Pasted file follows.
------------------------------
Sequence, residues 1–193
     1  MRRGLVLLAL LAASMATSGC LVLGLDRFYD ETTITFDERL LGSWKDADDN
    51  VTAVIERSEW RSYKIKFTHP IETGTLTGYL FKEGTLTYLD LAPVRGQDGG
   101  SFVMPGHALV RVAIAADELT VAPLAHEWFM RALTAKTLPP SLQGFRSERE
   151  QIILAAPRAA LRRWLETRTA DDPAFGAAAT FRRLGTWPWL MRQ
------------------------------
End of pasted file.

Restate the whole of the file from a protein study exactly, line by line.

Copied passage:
Sequence, residues 1–193
     1  MRRGLVLLAL LAASMATSGC LVLGLDRFYD ETTITFDERL LGSWKDADDN
    51  VTAVIERSEW RSYKIKFTHP IETGTLTGYL FKEGTLTYLD LAPVRGQDGG
   101  SFVMPGHALV RVAIAADELT VAPLAHEWFM RALTAKTLPP SLQGFRSERE
   151  QIILAAPRAA LRRWLETRTA DDPAFGAAAT FRRLGTWPWL MRQ